It all changed when IS started beheading Westerners and displaying the beheadings on social media.
“That was their biggest mistake,” one security expert told me. “It seems that they were so carried away by their initial success - es in Iraq and Syria that they became very arrogant and self-confident that they could do the same to the West.”
This direct provocation shocked Western media and public opinion and was perceived as a threat that created a chain reaction. Under public pressure, Western governments, led by US President Barack Obama could no longer sit idly by.
Thus, slowly and reluctantly, the US administration started to react. It created an international coalition to build a legal umbrella for military action and began a campaign of air strikes.
To military experts, certainly Israeli ones, the measured US and coalition air strikes seem inadequate. So far, over a period of six or so weeks, the air strikes only number a few hundred.
that despite the flaws and weakness, the airstrikes are causing damage to IS and slowing its advance – its tanks and heavy artillery are being destroyed, and oil production facilities, which are a main source of revenue for the organization, are being bombed, choking off its finances.
The Iraqi Kurds, thanks to the aerial umbrella, have managed to recapture the Mosul dam. Iraqi Shi’ite militias, supported by Iran, have retaken some towns. IS is far from conquering Baghdad. In Syria, the Kurdish enclave of Kobani along the border with Turkey is holding on, and IS has failed to enter the city’s center.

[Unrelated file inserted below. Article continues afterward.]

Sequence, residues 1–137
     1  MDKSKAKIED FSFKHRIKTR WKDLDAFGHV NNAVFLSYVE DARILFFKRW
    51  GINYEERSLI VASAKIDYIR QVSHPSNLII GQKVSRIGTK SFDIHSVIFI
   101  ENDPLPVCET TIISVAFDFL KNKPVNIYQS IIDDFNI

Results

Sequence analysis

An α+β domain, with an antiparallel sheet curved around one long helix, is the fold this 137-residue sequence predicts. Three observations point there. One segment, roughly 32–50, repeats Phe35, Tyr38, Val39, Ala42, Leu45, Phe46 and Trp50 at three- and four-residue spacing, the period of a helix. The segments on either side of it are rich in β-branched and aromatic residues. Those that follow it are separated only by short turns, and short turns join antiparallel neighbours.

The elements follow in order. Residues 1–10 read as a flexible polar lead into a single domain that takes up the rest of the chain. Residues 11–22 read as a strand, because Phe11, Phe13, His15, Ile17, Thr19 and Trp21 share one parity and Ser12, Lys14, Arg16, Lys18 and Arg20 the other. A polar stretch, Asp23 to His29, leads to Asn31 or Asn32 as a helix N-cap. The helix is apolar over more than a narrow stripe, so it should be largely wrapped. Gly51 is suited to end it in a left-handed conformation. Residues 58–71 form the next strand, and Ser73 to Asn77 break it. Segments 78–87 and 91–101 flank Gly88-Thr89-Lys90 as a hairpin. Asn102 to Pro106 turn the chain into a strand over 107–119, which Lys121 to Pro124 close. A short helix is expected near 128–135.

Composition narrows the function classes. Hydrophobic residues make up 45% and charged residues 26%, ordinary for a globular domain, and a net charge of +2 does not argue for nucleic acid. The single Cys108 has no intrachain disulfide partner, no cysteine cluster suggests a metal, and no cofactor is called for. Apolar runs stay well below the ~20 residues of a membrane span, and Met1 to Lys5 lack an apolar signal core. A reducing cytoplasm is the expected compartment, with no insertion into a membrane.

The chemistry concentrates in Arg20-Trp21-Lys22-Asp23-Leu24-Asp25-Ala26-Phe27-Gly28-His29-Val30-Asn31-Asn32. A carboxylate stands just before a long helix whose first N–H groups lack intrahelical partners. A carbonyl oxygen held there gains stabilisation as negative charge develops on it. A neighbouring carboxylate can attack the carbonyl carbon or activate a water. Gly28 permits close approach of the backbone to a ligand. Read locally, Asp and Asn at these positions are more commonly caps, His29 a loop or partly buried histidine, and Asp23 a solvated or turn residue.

But perhaps more important than success on the battlefield against IS is the fact that the world is awakening. For the first time in many years, there are signs that Western nations, Arab countries and even Iran see eye to eye and have a common interest in stop - ping the Islamic State.
Still, even if IS is defeated, the region’s problems and challenges are not going to go away.
“The Islamic State is not only a problem, it’s also a symptom of the disintegration of the Middle East as it was designed 100 years ago in the French-British colonial deal [the Sykes-Picot agreement] aimed at dividing the region into spheres of interests and influence,” said one intelligence analyst.
What began as the “Arab Spring” – a genuine drive by the masses for democratization, better and more equal distribution of national resources, and as a campaign against corruption – has turned into a volcanic eruption bringing in its wake disintegrating states (Syria, Iraq, Libya, and Yemen are already dysfunctional entities) and threatening to bring chaos to others.
Yossi Melman is an Israeli security commentator and co-author of ‘Spies Against Armageddon.’ He blogs at and tweets at yossi_melman